When I got in the saddle, I was a little nervous. Athena had been so bad and I was nervous she would get us hurt. Sherry walked us through several techniques to get her to stop rearing if she didn’t want to do something. She was so tired from all the work before that she didn’t even attempt to bolt or be hateful at the canter. Sherry taught me what to do if Athena didn’t want to do a specific maneuver and how to handle her. By the end of the lesson, Athena was finally listening to me. FINALLY.
I got off and Athena already seemed different. Instead of trying to bully me, she was looking towards me as a leader. Not completely as before, but she was getting there. I left the barn completely wiped out from our very long day.
Over the next few days/weeks, I was very tough with Athena. Yet with everyday that passed, Athena was returning to her normal self. Every now and then we had a battle, but Sherry equipped me with the knowledge and tools to win every time. Athena was never afraid of me, but she definitely regained her respect for me. Slowly going out to the barn became more pleasant again. I would come home telling my husband “Athena didn’t run me over today!” or “Athena stood quietly while I groomed her and tacked her up!”, or “Athena didn’t rear when I asked her to pivot to the left!” all proud and happy. They were baby steps, but with every basic remastered I slowly got my horse back.
For those few weeks she was really bad, I really felt like I lost my horse. Instead of nickering and meeting me at the gate, she would stand defiantly in her pasture and made me walk to get her. Instead of nuzzling my hair, neck, chest and shoulders, she would look at me out of the corner of her eye with her ears back. Instead of patiently and loyally walking beside me with no lead rope, she would run over the top of me or rear up if she didn’t want to do something. I didn’t recognize her and I was very upset about it. It seemed like overnight someone swapped out my amazing, sweet, loving Athena for some crazy, mean mare.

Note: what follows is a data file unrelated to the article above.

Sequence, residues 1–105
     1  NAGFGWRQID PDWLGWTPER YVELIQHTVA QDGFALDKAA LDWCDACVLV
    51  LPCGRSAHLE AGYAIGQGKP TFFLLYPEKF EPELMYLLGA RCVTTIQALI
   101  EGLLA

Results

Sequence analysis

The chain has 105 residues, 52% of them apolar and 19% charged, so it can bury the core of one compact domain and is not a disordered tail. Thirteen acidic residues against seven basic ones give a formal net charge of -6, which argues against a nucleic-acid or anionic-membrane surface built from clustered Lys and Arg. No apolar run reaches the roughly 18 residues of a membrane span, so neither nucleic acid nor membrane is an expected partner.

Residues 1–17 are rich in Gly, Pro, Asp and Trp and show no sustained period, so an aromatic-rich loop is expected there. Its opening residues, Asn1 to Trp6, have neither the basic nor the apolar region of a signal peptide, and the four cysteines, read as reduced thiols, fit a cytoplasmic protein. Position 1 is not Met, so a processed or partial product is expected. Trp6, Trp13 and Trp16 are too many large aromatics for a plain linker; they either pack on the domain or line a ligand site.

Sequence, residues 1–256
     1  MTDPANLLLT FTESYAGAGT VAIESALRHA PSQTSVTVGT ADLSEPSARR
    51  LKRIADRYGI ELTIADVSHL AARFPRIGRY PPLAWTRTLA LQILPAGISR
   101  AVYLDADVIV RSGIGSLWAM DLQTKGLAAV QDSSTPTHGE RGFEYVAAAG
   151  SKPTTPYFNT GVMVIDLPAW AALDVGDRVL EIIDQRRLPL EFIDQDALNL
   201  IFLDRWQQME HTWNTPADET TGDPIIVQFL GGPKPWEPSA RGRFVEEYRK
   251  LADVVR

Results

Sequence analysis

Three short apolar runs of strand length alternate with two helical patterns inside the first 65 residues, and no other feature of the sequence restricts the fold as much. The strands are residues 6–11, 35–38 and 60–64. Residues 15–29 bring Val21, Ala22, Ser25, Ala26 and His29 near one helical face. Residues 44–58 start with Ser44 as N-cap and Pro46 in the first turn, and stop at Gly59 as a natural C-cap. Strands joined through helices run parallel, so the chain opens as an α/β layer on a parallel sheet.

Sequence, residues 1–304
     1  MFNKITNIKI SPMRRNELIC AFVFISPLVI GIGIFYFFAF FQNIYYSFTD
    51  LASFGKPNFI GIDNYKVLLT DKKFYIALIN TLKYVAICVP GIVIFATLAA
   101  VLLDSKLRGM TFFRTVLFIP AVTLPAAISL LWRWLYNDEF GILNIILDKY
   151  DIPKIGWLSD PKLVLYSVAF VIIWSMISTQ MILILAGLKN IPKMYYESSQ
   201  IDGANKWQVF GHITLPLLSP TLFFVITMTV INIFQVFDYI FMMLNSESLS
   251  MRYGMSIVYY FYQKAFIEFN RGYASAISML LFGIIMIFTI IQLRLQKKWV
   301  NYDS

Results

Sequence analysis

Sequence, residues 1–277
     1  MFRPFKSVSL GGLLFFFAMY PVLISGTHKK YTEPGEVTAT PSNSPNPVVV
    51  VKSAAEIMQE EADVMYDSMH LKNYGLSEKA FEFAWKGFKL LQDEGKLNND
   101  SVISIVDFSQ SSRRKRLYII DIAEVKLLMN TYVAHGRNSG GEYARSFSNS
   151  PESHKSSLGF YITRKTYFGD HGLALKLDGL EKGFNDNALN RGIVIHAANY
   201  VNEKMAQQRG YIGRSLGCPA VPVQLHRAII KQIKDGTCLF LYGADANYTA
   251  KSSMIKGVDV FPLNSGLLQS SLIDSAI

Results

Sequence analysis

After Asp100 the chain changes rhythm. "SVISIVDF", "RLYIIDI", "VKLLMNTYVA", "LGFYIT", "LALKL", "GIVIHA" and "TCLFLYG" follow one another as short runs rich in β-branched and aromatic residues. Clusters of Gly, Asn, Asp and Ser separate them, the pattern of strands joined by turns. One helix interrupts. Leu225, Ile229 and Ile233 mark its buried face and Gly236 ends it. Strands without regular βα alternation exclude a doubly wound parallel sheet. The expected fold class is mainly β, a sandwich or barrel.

By the end of February, Athena was finally back to her old self. She would have her stubborn moments, usually in the saddle but she was nothing like before. We have a few theories as to why she got so sassy so quick. It could have been how she was on stall rest for 2-3 weeks. She could have been in season (we keep her under lights, so although it was winter it is still possible). She seemed very herd sour towards her pasture mate, Nay Nay the mini and that could have been part of the problem. It could have been a combination of all three. All that mattered was that Athena was back to her loving, kind, calm, intelligent self again. She began to nicker when she saw my car pull up or saw me walking around the barn. She began to sweetly walk next to me, stopping as I stopped. She began to bring her head down to me, resting it on my chest and letting me pet her again. Instead of fighting me, she would simply sigh and trust me. I finally had my best friend back!
I was so grateful for Sherry, who took the time to teach me how to handle her in this new way without breaking her spirit or beating her. Even though there were times I want to scream, yell and throw things, I am grateful for this learning opportunity. I feel I have grown so much as a horsewoman and I am more equipped to handle really difficult horses. Seeing Athena so terrible makes me really appreciate her when she is “normal” and gave me a sharp reminder that she is a young horse.
Thank you for reading and being so supportive of Athena and I!
Read more about our journey together by CLICKING HERE! You can read how I found her, how we overcame an injury that most said she wouldn’t recover from, and how she went from an aggressive and scared rescue to a stunning and loving friend and show horse!